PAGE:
Italian-American families like mine will find just about any excuse to prepare and devour a huge feast, starting with the antipasto and ending about seven or eight hours later with fruits and nuts.
Most might assume Christmas is the big one but Easter Sunday is actually considered the holiest day in the Christian calendar. That makes Easter second only to Christmas Eve on the Italian culinary calendar. Because when it comes to Italian food, family and faith, Christmas Eve is truly the alpha omega.
In my family, preparation for Christmas Eve begins a few days prior with a lesser-known religious rite we call The Buying of the Vegetables. This time-honored ritual begins with taking my wife and mom to 3 Guys from Brooklyn on 65th Street. A few hours later, they will emerge weary but determined with several dozen shopping bags stuffed with every plant or part of a plant rumored to be safe for human consumption.
The most famous part of a true Italian-American Christmas Eve is festa dei sette pesci or The Feast of the Seven Fishes. As you can imagine, there are many hypotheses for what the “7” represents. Some say its for the seven Sacraments of the Roman Catholic Church. Others say its the seven hills of Rome. Most assume it symbolizes the day God rested. Bottom line is I have no idea why it’s gotta be seven but its gotta be seven. And where to buy the fish is always a big deal. Make no mistake, your entire life and credentials as an Italian-American will be judged based on this decision.
Back in the day, we made the pilgrimage to DeMartino Fish Market on Douglass Street. There was definitely a sense of pride in eating what assimilated American society at the time considered inedible. I’m really not sure how else you’d explain eating tripe. And this was back when Anthony Bourdain was still slinging Caesar salads at the Rainbow Room.
These days, my mom, the inimitable Mary Immaculata, hosts the Christmas Eve/Christmas doubleheader at her house. By now she’s basically been awake and cooking for 36 hours straight. God bless her. But when I was a kid, Christmas Eve was spent in my great-grandfather’s dimly lit basement on 17th Street in Windsor Terrace. Pasquale, or “Poppa” as we all called him, was built like an actual fire hydrant.
Like most everyone, he came to America through Ellis Island. He’d fought in the Navy. The mermaid and anchor tattoos on his forearms were so old, the black ink had turned green like Statue of Liberty copper. In fact, I look a lot like him; we have that same concrete Mediterranean peasant head. My wife hates when I say that but, hey, it’s the truth, babe.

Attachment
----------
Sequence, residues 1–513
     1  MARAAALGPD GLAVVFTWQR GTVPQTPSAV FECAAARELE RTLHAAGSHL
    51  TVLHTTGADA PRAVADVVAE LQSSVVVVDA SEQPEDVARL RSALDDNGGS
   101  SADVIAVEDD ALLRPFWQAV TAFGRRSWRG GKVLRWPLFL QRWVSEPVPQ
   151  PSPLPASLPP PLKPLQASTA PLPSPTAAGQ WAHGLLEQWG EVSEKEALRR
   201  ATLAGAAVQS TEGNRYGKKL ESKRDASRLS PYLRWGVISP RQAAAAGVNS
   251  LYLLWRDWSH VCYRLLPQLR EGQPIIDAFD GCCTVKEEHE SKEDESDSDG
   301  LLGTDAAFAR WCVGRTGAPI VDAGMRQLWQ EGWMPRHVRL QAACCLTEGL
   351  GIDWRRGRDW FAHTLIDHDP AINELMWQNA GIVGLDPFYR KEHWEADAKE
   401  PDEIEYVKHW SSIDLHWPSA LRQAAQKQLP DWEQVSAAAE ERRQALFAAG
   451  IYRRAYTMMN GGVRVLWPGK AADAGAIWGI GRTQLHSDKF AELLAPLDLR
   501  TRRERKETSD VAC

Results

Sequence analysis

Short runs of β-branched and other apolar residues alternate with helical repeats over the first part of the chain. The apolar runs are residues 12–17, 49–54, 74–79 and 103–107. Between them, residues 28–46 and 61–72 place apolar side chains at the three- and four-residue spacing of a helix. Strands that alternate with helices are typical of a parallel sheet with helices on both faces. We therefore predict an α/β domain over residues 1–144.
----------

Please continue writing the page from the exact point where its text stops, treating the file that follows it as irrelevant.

I think Cadillac Bonnevilles were standard issue back then because everyone had one, except us. Dad was working for RCA at the time and we had the company car, a Chevy Citation. He’d blast CBS-FM the whole way there and back: Brenda Lee, The Ronettes, The Crystals, The Beach Boys, Gene Autry.
I remember there were so many of us down in Poppa’s basement that we had to use every table we could find. It created this magical quilt of card tables, folding tables, end tables, night tables – you name it, we used it. Chairs were the same. Every chair in the house was brought downstairs. I think some people got smart and started showing up to the feast with their own table and chairs.
The food was still being prepared in the kitchen. Steaming pots of salted, boiling water simmered as others prepared enough antipasto to feed the Marines and the Air Force. But the best part was later when it was time for pasta. Trying to ration enough spaghetti with crab sauce appropriately for each dish to a family of this size wasn’t easy. I distinctly remember one year we all had to surrender our bowls, passing them back to the head of the table like a reluctant bucket brigade for redistribution because whoever was serving the pasta had served too much, too soon and now there wasn’t spaghetti with crab sauce for everybody. Portion control was never our strong suit. That runs in the family even at a table of two or three.
After dinner we sang songs and Christmas Carols as everyone nibbled on fennel – finocchio in Italian – because it’s supposed to aid in digestion. I swear only Italians worry about this stuff. One of my uncles or cousins would play Santa. This was after all the elders convinced the kids that a few tiny water stains on the drop ceiling tile were actually the imprints of reindeer hooves. Hey, at the time, I totally bought it.
It’s sad but all too common: the matriarch or the patriarch of a family passes on and the family unravels. Indeed, after Poppa died, so did Christmas Eve on 17th Street. Everyone went their separate ways and started their own traditions with their own families. But, don’t worry, we still keep it real at my house. Even Grandma Napoli at 92 is still cranking out the struffoli and the guanti. Imported from Bensonhurst with love and devoured in Bay Ridge in seconds.
Buona Natale and happy holidays to you and your family! Cherish every moment with your matriarchs and patriarchs. Because, at the end of the day, family is all that matters.
Justin Brannan is a community activist, born and raised in Bay Ridge. He and his wife Leigh own a small business on Third Avenue. He is also exploring a run for City Council.